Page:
The first round of NAFTA renegotiations between the United States, Canada, and Mexico concluded in Washington this past Sunday. Trade representatives from each country began to lay out their goals for a probable update of NAFTA policy. The 24-year-old trade bloc, which was established to eliminate barriers among its three trade partners, has garnered intense backlash in recent years. According to data from the Bureau of Labor Statistics, a third of U.S. manufacturing jobs have been lost since NAFTA was first established. In addition, NAFTA has caused Mexico to lose 1.3 million farm jobs due to removed tariffs that rendered Mexican farmers effectively noncompetitive.

Among the key objectives for all three countries are proposed edits to NAFTA’s current rules of origin, which state that a specific amount of parts that go into a native product must come from across North America. Although no specific figures or details were given, Robert Lighthizer, the United States Trade Representative, expressed his desire for tougher rules of origin and wished to ensure substantial American content for autos. Between other proposed alterations, the United States has called for increased labor standards, addressing their concern regarding Mexico’s lower labor costs. It will be a challenge to force Mexican businesses to raise wages, but it is considered a crucial step to improve worker conditions and avoid job extinction in the United States and Canada.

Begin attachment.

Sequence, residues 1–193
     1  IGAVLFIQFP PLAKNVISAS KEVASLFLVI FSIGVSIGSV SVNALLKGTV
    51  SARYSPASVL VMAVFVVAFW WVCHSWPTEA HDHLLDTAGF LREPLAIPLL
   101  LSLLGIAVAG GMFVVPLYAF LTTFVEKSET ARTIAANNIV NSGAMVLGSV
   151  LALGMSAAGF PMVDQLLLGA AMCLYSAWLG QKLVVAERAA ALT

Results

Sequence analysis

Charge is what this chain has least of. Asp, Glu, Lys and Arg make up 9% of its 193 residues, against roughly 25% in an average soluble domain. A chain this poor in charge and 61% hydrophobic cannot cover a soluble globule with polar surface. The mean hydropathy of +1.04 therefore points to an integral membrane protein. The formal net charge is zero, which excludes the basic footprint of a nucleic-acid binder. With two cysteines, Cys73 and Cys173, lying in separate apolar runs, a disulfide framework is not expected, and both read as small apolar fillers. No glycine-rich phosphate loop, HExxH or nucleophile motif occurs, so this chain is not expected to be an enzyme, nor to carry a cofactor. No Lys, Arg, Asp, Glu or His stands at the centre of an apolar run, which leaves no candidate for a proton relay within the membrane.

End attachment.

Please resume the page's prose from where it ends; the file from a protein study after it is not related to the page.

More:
With the second round of NAFTA renegotiations set to take place in September in Mexico, it is clear that trade negotiators will have their hands full. There is much uncertainty as to whether NAFTA will be replaced, and whether a new deal would be equally beneficial for all three economies involved.

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